The WHO also warned that obesity was responsible for around 1.2 million deaths annually in Europe – accounting for 13 percent of mortality on the continent.
WHO officials urged governments to act swiftly: Proposed measures include a sugar tax on sugary drinks and subsidies for healthy food.
Too Many Eyes
Brazil’s electoral body withdrew its invitation for the European Union to send election observers for the upcoming presidential polls, a request that had been made initially because of concerns over President Jair Bolsonaro’s criticism of the electoral process, Reuters reported.
The Supreme Electoral Court (TSE) had invited the EU for the first time to observe this year’s general election in October. Bolsonaro is expected to run.
But soon after the invitation was issued, Brazil’s foreign ministry objected to the move, saying that the South American country has never had its elections “evaluated” by an outside organization it doesn’t belong to.
The TSE then withdrew the invite.
The initial invitation came after Bolsonaro questioned the validity of Brazil’s electronic voting system and raised concerns that he may not accept the results of the October elections.
Even so, the TSE added that the Organization of American States and the parliament of South American trade bloc Mercosur have confirmed they will send missions. The electoral body also invited observers from the US-based Carter Center and International Foundation for Electoral Systems.
Polls show that leftist former President Luiz Inacio Lula da Silva has a comfortable lead over Bolsonaro, though his lead has dwindled in recent surveys.
- The European Union proposed a six-month ban on Russian crude imports and a year-end ban on Russian refined oil products causing oil prices to rise, while the bloc plans to sanction high-ranking Russian military officials involved in alleged war crimes, the Wall Street Journal wrote. The European Commission is also considering removing Russia’s largest bank, Sberbank, as well as two other Russian banks from the Swift financial-messaging system. It also plans to bar three major Russian state-owned broadcasters from the bloc. At the same time, the EU’s executive body is proposing to allow Hungary and Slovakia until the end of 2023 to stop their Russian oil imports, given how much these two nations rely on Moscow’s energy resources, Politico added.
- The European Union will “considerably increase” its military assistance to Moldova, where explosions in the pro-Russian separatist region of Transnistria have raised fears that the conflict in Ukraine will spread to the neighboring country, Agence France-Presse noted. Meanwhile, the British defense ministry warned Wednesday that Russia is “highly likely” to try to seize the Ukrainian cities of Kramatorsk and Severodonetsk, effectively consolidating Moscow’s control over the Donbas region, the Hill wrote.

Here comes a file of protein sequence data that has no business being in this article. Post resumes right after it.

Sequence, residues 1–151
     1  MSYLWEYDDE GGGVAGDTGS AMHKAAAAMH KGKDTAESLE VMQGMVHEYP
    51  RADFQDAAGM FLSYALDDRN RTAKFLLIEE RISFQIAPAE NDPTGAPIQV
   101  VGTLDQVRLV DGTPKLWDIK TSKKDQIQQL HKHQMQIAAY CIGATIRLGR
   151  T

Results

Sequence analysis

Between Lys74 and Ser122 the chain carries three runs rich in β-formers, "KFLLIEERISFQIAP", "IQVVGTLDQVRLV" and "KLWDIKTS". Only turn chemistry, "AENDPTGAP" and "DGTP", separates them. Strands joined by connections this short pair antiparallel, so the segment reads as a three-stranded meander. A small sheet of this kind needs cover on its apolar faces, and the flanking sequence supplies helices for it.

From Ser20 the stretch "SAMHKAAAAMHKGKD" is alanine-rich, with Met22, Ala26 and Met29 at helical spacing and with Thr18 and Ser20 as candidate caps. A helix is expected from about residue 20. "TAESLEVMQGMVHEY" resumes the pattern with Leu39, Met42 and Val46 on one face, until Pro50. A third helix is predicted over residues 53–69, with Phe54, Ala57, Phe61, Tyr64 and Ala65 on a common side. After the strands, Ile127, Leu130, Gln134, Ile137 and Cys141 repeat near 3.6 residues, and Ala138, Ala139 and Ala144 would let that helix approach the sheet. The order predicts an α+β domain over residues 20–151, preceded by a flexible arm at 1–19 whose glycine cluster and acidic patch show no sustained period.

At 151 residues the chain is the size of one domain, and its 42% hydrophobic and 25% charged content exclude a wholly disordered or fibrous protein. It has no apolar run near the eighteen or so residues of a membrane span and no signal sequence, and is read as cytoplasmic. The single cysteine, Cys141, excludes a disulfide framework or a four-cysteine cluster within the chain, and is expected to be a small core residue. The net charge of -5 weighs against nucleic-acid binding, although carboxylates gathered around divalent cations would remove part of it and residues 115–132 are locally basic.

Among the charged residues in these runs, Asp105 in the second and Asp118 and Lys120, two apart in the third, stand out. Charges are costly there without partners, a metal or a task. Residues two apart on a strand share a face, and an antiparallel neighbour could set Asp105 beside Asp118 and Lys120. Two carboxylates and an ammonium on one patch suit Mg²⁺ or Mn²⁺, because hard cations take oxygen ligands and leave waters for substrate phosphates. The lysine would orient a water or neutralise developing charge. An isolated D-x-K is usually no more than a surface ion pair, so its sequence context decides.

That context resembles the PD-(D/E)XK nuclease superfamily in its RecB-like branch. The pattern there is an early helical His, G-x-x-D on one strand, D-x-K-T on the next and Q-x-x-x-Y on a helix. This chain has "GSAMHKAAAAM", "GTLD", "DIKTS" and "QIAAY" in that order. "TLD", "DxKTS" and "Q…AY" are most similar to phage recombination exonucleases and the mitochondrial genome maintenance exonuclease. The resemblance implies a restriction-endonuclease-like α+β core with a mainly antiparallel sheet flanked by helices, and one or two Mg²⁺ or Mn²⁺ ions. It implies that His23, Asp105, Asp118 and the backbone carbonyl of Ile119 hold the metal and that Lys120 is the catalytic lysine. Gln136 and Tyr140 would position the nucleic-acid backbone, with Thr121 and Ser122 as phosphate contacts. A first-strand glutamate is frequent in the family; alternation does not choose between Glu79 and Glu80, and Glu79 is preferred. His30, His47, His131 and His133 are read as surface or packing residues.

- The mayor of Mariupol said he lost contact with the city’s last Ukrainian defenders on Wednesday amid heavy fighting at the Azovstal steel plant, NBC News reported. For weeks, the last pocket of Ukrainian resistance has held out in the vital southeastern port city, which is otherwise under Russian control.
- Belarus’ military began large-scale drills to assess its armed forces’ readiness to respond quickly to “possible crises” and counter threats from the air and ground, the Washington Post added. According to the Belarus Defense Ministry, the training exercise will not “pose any threat to the European community as a whole, or to neighboring countries in particular.”
Lost No More
Egyptian archaeologists recently discovered the ruins of a temple dedicated to the ancient Greek god Zeus in the Sinai Peninsula, the Associated Press reported.
Known as the Zeus-Kasios temple, the ancient structure was named after the mythological Greek god of the sky and Syria’s Mount Kasios – where he was once worshipped.
The country’s Tourism and Antiquities Ministry said that the temple was located in the Tell el-Farma archaeological site, an area where excavations have been taking place since the early 20th century.
It added that the site – known by its ancient name Pelusium – dates back to the late Pharaonic period and was also used during the Greco-Roman and Byzantine eras. The spot also houses archaeological remains dating to the Christian and early Islamic periods.
In 1900, French Egyptologist Jean Clédat came across ancient Greek inscriptions revealing the existence of the temple but he never excavated it.
The new archaeological crew excavated the temple ruins through its entry gate, which revealed two massive fallen granite columns.
Officials said researchers are now studying the unearthed blocks and the site to determine the temple’s architectural design.
Meanwhile, the discovery is another boon for Egypt as it tries to lure foreign tourists back.
The country’s tourism sector took a major hit following the unrest that toppled longtime autocrat Hosni Mubarak in 2011. Then the coronavirus pandemic and more recently, Russia’s invasion of Ukraine, dealt more blows to the sector.
COVID-19 Global Update
Total Cases Worldwide: 515,595,995
Total Deaths Worldwide: 6,244,913
Total Vaccinations Worldwide: 11,320,461,754
Countries with the highest number of confirmed cases worldwide as of 4 a.m. ET*
- US: 81,620,383 (+0.14%)
- India: 43,091,393 (+0.01%)
- Brazil: 30,502,501 (+0.07%)
- France: 28,996,577 (+0.17%)
- Germany: 25,130,137 (+0.38%)
- UK: 22,267,796 (+0.08%)
- Russia: 17,940,665 (+0.03%)
- South Korea: 17,438,068 (+0.24%)
- Italy: 16,633,911 (+0.29%)
- Turkey: 15,037,242 (+0.01%)
*Numbers change over 24 hours